We were hitting the town tonight, so after a shower it was a quick change of clothes and a stroll along the coastal path to the waterfront. The harbour restaurants were all lit up as the sun went down, the place going like a fair as usual, bars busy in the balmy evening. We headed for La Grignotiere in one of the town’s narrow, cobbled backstreets.. It’s a simple, traditional place run by two local ladies and we sat on the tiny outside terrace. Their Spaghetti Vongole was really first class, good fresh clams in an excellent wine and cream sauce; I had spaghetti with a tomato sauce and lots of parmesan, simple but one of my favourite pasta dishes. There’s a big Italian influence in this area, given it is so close to the Italian border.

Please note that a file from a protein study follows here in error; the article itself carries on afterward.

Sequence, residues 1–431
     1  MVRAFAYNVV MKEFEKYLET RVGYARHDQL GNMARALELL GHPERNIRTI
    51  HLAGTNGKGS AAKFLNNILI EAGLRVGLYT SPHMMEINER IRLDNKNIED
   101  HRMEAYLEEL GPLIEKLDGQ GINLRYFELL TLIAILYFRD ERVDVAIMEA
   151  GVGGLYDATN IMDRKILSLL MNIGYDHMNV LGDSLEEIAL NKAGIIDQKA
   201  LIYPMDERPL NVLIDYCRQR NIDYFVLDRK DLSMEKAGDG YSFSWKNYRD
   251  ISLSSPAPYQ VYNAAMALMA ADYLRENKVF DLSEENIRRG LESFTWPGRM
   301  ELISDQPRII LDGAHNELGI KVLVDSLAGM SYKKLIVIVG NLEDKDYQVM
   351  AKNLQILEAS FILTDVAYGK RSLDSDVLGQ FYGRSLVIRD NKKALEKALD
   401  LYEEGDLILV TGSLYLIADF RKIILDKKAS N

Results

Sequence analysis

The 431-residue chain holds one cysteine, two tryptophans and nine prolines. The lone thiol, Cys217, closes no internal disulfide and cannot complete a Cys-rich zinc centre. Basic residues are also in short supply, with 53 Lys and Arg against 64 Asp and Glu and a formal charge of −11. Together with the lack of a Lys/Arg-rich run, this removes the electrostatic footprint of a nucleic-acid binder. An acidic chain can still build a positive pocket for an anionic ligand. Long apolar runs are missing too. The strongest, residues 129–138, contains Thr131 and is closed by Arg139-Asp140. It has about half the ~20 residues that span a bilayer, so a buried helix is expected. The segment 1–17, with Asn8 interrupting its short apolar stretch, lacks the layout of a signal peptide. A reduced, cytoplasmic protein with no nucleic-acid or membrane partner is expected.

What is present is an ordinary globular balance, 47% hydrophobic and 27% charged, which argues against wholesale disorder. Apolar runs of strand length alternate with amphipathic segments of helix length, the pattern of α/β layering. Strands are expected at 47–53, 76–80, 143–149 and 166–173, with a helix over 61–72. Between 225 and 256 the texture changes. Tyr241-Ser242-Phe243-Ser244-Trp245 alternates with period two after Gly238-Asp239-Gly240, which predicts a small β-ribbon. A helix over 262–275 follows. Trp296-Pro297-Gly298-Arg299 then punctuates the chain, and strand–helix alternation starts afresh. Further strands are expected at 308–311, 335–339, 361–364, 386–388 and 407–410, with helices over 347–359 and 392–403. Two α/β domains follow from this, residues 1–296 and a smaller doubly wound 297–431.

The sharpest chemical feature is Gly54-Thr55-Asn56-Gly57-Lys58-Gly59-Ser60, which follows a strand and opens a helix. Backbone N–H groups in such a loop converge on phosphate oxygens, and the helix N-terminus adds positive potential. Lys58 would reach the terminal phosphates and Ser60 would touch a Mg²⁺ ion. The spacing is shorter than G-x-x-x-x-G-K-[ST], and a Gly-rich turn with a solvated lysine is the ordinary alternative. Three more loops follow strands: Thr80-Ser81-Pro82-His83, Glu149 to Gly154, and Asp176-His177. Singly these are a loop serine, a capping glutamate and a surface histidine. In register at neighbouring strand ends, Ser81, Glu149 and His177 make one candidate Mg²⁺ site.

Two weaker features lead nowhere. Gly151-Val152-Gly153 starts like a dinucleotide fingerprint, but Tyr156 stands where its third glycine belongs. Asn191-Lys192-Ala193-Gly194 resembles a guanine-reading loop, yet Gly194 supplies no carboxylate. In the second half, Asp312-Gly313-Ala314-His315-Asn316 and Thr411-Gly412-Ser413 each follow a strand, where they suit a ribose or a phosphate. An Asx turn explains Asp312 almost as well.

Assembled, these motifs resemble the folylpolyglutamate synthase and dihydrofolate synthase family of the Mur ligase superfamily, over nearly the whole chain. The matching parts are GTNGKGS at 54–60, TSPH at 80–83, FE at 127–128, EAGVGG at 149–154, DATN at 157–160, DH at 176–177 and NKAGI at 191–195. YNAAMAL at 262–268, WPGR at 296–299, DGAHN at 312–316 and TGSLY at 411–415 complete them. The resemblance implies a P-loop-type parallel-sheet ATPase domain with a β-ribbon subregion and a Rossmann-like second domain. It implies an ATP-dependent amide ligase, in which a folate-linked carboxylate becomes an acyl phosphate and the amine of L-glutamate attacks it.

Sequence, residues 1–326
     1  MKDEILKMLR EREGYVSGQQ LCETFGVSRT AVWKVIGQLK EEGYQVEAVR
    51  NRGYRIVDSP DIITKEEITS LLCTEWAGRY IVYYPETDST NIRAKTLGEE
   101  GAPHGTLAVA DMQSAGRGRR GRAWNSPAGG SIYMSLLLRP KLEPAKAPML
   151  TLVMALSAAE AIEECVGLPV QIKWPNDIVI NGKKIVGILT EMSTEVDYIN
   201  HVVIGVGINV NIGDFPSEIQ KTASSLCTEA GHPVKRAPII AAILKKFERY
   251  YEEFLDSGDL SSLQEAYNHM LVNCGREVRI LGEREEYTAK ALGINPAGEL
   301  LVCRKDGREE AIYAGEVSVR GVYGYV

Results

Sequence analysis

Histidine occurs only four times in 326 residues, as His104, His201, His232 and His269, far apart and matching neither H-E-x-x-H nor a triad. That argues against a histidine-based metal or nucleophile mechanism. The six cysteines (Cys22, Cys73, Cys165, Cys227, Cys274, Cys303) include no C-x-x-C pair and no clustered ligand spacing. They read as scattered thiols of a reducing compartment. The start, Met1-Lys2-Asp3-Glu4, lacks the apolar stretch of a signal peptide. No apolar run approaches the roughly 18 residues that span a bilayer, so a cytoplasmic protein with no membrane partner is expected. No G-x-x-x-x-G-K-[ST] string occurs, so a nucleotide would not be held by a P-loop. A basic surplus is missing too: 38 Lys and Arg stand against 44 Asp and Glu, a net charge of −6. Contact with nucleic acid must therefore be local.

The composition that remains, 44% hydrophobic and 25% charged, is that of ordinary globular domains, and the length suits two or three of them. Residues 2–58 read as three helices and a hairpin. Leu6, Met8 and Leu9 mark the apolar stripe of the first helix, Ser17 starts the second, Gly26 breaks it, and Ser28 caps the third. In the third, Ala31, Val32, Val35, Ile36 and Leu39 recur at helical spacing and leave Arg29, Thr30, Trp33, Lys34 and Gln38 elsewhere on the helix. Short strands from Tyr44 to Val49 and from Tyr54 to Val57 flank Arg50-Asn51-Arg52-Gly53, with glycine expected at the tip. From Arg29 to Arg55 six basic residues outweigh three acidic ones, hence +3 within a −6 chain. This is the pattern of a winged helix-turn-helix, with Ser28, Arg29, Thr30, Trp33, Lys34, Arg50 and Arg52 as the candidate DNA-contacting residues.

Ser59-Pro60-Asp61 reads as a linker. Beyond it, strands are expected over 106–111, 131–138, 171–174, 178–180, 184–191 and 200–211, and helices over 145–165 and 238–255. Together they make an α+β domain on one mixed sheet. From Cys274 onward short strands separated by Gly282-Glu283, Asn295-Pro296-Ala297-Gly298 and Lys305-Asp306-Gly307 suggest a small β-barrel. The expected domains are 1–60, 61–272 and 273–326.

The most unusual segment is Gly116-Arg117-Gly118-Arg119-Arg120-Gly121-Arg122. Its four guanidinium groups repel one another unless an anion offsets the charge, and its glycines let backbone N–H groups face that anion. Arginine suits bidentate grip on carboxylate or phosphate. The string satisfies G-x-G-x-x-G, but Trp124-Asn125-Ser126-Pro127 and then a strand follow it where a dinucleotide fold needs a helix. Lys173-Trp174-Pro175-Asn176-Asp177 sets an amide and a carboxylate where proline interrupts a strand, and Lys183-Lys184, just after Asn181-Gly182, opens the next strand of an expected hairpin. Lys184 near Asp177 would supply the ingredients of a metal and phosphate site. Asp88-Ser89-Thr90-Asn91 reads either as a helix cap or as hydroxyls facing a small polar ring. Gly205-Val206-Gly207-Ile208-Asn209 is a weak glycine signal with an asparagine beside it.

Then a stroll along the front, past the pretty pastel pink church – the Chapelle St Pierre – with its striking interior painted by Jean Cocteau.
A gander at some of the small boutiques; I’m not much of a clothes shopper but the only place I ever feel like buying tends to be in the Mediterranean resorts. The prices are not bad and the clothes tend to be unusual and stylish, quite glam and very feminine.But I passed this time.
Then back for a drink on the balcony, the night air cooling from the day’s heat but still pleasant. Oh, the joy of balmy evenings by the sea, sitting out on a balcony till late without having to dress up (as at home) like Nanouk of the North! To us with our Northern blood, used to chilly air and raw winds even in summer, it’s one of the great draws of the Med.
Part 3 : West to Provence and Arles (Van Gogh), Avignon, the Roman Aqueduct of Pont du Gard and Carcassonne